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Tales From My Shitty House, Part Four: There's Wallpaper on Everything

I didn't take enough pictures of my house from when we first moved in.  It's a piece of advice that everybody gave me when we first started our renovations, and which I ignored every time because I was in such a hurry to get things fixed.

For the most part, I'm not too broken up about it.  But once in awhile I catch myself thinking about some outrageous thing in our house that we had to deal with, and I realize that there's no photographic proof of it.  Sure, most people will just accept what I say because there's no good reason for me to lie - but wouldn't a picture put a nice button on it?

For example: the wallpaper.  Most of it looked like this:




Worn down by the decades and just barely holdings back the crumbling century-old plaster beneath.

That by itself was not a problem - at least, not any more so than the rest of the crappy things we had to deal with.  The real problem was that the wallpaper was on everything.  Everything.

Every ceiling in our house was covered with it.


The inside walls of our closets were covered with it.


Even our brick fireplaces were covered with it.  Who does that?  Leaving alone the problems that come with trying to affix wallpaper to uneven brick surfaces, where is the logic in putting wallpaper on a fireplace?

The greater insult to all of this was that it was never a single layer of wallpaper.  There were always at least 3-4 layers of it.  It started with the nasty rotting robin's egg pattern on the surface, a dirty '70s floral motif underneath that, a pale seasick green layer beneath that, and then finally you'd come to one of two magic choices of disgust.  You'd either get the crappy plaster if you were lucky, or you'd get a weird brown layer instead.

And I'm not talking about the gross brown residue that gets left behind when you scrape old wallpaper down.  You know, that fuzzy cardboardy stuff that looks like the crap that gets stuck to packing tape when you rip it off a box?  I'm talking about an actual layer of brown wallpaper.

Brown wallpaper.  To match the brown wood paneling and the brown trim.

So a large chunk of my time renovating so far - I'm going to guess maybe 30% of it - has just been scraping wallpaper.  When I think of all the hours that have been spent chipping away at wallpaper, I feel queasy.  There were days where I'd put in an eight to ten hour shift and all I had to show for it was that one corner of the house only had one layer of wallpaper instead of four.  Then, once the wallpaper was off, we'd still have to patch up and reseal the plaster in a variety of ways that I'll have to get to some other time, so it's not like getting the wallpaper off fixed things - it just made it possible to fix things later.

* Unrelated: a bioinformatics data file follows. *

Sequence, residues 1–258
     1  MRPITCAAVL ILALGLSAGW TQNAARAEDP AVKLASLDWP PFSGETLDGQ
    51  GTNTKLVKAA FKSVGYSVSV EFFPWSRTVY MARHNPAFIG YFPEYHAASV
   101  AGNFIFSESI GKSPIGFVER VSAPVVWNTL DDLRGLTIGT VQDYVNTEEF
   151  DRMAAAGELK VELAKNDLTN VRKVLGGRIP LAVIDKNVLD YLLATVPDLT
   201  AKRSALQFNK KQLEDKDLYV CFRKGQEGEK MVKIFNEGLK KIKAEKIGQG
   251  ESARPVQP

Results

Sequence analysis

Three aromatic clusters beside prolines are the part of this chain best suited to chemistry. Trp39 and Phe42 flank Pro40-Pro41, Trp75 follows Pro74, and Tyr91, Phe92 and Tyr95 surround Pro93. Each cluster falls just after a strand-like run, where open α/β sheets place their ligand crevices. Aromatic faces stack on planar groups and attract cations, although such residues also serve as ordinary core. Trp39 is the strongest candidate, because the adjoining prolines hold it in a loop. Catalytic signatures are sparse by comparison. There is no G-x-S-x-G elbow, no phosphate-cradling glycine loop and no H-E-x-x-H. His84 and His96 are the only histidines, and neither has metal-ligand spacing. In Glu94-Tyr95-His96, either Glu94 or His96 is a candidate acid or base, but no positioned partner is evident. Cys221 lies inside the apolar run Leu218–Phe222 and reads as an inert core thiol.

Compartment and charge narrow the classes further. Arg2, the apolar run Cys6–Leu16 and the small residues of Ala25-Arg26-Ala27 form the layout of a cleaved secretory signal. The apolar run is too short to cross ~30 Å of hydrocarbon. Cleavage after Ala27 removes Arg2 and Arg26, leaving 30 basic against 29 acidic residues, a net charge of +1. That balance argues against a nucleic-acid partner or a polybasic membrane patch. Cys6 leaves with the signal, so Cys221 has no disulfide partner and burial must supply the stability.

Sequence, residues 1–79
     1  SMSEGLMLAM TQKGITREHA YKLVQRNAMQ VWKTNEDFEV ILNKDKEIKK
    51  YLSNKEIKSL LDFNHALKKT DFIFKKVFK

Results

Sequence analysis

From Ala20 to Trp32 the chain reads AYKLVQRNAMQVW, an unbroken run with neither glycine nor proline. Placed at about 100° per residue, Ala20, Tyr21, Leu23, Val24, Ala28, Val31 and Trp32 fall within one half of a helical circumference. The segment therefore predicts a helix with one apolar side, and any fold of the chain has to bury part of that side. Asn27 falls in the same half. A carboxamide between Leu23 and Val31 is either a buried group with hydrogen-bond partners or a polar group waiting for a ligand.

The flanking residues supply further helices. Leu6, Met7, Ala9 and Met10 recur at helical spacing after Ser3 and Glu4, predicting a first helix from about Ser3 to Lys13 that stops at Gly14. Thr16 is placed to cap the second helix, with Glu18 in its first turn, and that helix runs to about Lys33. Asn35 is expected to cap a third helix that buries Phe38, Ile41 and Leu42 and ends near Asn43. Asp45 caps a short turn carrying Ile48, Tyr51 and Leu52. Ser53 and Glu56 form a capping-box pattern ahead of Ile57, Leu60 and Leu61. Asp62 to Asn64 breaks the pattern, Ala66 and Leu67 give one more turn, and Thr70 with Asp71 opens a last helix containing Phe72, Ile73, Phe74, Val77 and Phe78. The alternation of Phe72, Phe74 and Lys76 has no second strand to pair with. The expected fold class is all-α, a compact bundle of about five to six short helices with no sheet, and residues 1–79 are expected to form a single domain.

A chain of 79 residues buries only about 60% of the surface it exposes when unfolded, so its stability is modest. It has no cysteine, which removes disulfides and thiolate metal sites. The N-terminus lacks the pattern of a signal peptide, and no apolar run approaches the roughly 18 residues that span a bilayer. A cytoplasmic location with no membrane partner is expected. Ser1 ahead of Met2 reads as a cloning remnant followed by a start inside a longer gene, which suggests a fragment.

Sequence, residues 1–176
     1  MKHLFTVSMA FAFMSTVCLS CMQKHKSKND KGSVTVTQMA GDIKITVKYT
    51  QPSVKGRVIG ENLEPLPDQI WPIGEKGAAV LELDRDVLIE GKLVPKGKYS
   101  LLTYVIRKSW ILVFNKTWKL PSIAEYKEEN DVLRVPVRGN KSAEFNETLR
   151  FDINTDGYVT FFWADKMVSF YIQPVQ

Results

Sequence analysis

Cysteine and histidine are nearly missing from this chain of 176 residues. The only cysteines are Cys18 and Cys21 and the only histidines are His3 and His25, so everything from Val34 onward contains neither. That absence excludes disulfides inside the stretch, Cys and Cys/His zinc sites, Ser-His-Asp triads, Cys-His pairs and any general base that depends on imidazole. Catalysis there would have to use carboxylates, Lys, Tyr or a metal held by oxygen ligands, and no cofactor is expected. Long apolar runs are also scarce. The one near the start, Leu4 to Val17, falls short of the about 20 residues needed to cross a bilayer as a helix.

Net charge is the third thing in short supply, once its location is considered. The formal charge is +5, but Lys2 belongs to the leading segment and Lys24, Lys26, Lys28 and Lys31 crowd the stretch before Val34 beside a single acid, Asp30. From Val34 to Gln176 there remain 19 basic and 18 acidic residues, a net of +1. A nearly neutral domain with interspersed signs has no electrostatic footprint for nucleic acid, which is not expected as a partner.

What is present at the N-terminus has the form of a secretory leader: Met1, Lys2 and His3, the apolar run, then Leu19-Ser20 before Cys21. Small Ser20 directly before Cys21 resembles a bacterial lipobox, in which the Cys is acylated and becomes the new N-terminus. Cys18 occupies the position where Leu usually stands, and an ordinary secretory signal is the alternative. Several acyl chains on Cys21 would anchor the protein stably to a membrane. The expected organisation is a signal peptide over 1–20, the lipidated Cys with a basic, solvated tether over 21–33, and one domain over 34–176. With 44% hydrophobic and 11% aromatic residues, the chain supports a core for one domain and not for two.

A wall without wallpaper.

So really this amounted to months of effort just to not have trash on the walls.

The wallpaper is mostly gone at this point - save for those ceilings which are still hidden away by drop-down foam panels - but every time I think about it, I'm left with a disturbing thought.

See, I get depressed easily by poor lighting.  If I am stuck in a dark room, my mood immediately turns sour and I feel helpless.  Winters can be terrible; I once quit a job because I was too depressed by the lack of sunlight to even bother making the effort of driving in.  And even if I don't feel soul-crushingly depressed, even if I can maintain a generally upbeat attitude, even if I can keep myself in check and go about my routine, I'm still going to be cranky and rude and more self-obsessed than usual just because I woke up in a dark room.

The first year of living in our house was by far the worst because there were no (literally) bright spots.  Every room was a dim corner of despair lit only ever-so-slightly by the nauseating hum of a failing fluorescent light.  Defeating the brown gloom of our shitty house has been our greatest triumph so far.  No dishwasher?  That sucks, but at least the walls are bright.  The upstairs bathroom looks like crap?  Fine, but at least I can wake up and feel like facing the world.

Now, then.  This house has been here for over a hundred years.  And judging from the layers and condition of things, I'm going to guess that at least the first layer of that wallpaper has been on the walls since the 1950s.  This means that at least two full generations grew up in this house with the stench of gloom hanging over it.

How much depression was caused by that gloom?  How many children gave up on their dreams because they were affected so powerfully by the dank as I was?  How many people went to work with bitterness and devastating anxiety because they knew they were going to come home to their murky brown dungeon?  How much misery was put off into the world, like dominoes spilling over, that could all be traced back to an upsetting attitude created by the grungy paw of all this horrible wallpaper?

Some of the former residents of this house were police officers.  What if they wrongfully arrested people or falsified evidence to get a conviction just because they were in a bad mood that day because they woke up and saw The Brown hanging onto their ceiling?

I'm not saying that the shitty wallpaper in my house ruined lives.  I'm just saying that I'm glad I could stop it before it ruined mine.